Illinois unemployment accounts repeatedly hijacked by thieves
Unemployment benefits are being stolen by thieves who redirect the funds. Repeat victims say the problem is within Illinois Department of Employment Security computers, but the state won’t release data to pinpoint the problem.
Unemployment benefits are being hijacked in Illinois, and victims say the thieves have penetrated Illinois Department of Employment Security computers.
That’s according to Warren Winston, a contract pharmacist who has been the victim of account hijacking on four different occasions. He’s worked closely with IDES since April to combat hijacking attempts on his account that cost him $3,262 in unemployment payments. The latest successful theft was in mid-July.
According to a complaint he later filed with the state, Winston reported the instances of fraud in his account to IDES after the first hijacking. He updated his banking information and changed passwords.
Despite changing this information and putting IDES on notice to watch for future hijacking attempts, scammers stole benefits from his account three more times. The unemployment agency never intervened.
“Somebody robs a bank in Pittsfield, and the cops get there in five minutes,” Winston said in an interview with the Chicago Tribune. “Somebody robs a bank in IDES, and nobody does anything about it for three months. It’s unthinkable.”
In his complaint to the Illinois Attorney General, Winston theorized the state system, not his computer, had been hacked by criminals. He wrote: “This should be given the highest priority by all authorities.”
Winston is one of hundreds of Illinoisans reporting that unemployment benefits never reached their accounts, according to records obtained from IDES by the Chicago Tribune.
Now, state lawmakers are questioning the efficacy of state cybersecurity after other repeat hijacking victims suggested scammers could have compromised IDES systems.
While IDES reportedly continues to address the evolving fraud, the agency declined to explain why it has been unable to stop repeat theft from the same accounts, even after the fraud was identified.
The rise of account hijacking cases in Illinois accompanies a growing wave of unemployment fraud that has swept through IDES since the early months of the pandemic. IDES exposed Social Security numbers and other personal information of nearly 32,500 unemployment applicants when a new system went online to handle claims from self-employed and gig workers, leading to multiple lawsuits by applicants who had their identities stolen.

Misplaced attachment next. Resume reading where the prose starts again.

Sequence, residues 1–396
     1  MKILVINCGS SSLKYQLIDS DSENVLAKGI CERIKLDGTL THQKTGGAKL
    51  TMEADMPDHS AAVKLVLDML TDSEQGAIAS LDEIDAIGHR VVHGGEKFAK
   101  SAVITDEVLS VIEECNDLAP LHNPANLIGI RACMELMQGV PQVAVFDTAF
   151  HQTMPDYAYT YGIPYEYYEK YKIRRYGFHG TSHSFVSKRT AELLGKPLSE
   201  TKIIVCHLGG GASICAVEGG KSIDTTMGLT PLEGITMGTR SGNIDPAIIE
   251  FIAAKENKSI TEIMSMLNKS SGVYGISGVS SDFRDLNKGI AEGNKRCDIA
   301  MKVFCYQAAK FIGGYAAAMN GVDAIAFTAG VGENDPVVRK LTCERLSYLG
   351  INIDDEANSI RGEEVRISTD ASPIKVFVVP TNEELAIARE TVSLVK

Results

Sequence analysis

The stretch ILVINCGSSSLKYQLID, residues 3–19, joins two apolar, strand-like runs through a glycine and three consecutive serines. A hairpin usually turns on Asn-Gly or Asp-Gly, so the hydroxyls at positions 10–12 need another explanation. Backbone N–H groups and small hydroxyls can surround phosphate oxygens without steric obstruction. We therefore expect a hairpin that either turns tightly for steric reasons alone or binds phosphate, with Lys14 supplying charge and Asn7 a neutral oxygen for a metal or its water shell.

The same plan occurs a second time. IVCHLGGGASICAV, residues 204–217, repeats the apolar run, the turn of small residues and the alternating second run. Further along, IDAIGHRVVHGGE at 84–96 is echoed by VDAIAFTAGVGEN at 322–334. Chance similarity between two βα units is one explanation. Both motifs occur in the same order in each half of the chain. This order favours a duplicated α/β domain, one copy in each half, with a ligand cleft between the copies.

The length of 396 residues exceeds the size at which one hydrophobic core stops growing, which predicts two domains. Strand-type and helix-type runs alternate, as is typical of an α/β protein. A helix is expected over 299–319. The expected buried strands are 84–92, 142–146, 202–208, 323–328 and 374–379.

Cybersecurity experts estimate the flood of imposter fraud, where criminals file fake claims in the names of real people, likely cost the state more than $1 billion.
But unlike imposter fraud, account hijackings occurs when a criminal reroutes a real unemployed person’s payments to a new bank account for their personal use.
This requires hijackers to access IDES systems and change financial information in residents’ accounts, raising questions on how scammers are bypassing state cybersecurity measures.
So far, IDES has suggested the fault rests with claimants who were likely scammed out of their account login information.
Senate Republicans took up the charge July 29, calling for a broader audit of IDES and accusing Gov. J.B. Pritzker’s administration of trying to hide the scope of the issues.
IDES has declined to share figures with the public on how many Illinoisans reported being robbed of their benefits during the pandemic and how much money was stolen. Additional audits of IDES by federal officials revealed the state agency was late to adopt free security tools that could have protected thousands of residents against fraud.
“If you look at the state of California, a blue state, they’re releasing unemployment fraud information,” state Sen. Jason Plummer, R-Vandalia, said at a news conference. “If you look at red states like Kansas, they’re doing the same.”
That sentiment was echoed by state Rep. Lamont Robinson, D-Chicago, the chairman for the Illinois House Committee on Cybersecurity. He also called on IDES to release more information, saying politics should not get in the way.
“Look, the cat’s out of the bag,” Robinson said. “The director knows she has an issue. The governor knows it’s an issue. I don’t think anybody’s hiding anything.”
Robinson said he, too, would support a deeper audit if he felt the issues were not being adequately addressed by IDES. One industry expert told Robinson’s committee the solution for a majority of IDES’ woes is relatively cheap and simple: a security protocol called multi-factor authentication.
“Account takeover is 10-year-old stuff,” said Haywood Talcove, an executive with LexisNexis Risk Solutions who testified before the cybersecurity committee. “It shouldn’t be happening anywhere. There’s no excuse for it.”
That security measure, long employed in the private sector, requires people to enter their passwords, then confirm their login with a separate code temporarily sent to one of their personal devices.
Talcove warned lawmakers in July that scammers who made a fortune defrauding the state are not going to stop with unemployment benefits.
Illinois Attorney General Kwame Raoul reported spending over $2.5 million to combat a ransomware attack that crippled his office in April. It might have exposed gigabytes of confidential and personal records, and parts of his website remain offline.
Despite calls from both Democratic and Republican lawmakers to make the full extent of state unemployment fraud public, IDES continues to ask patience of Illinoisans. Too bad scammers won’t wait.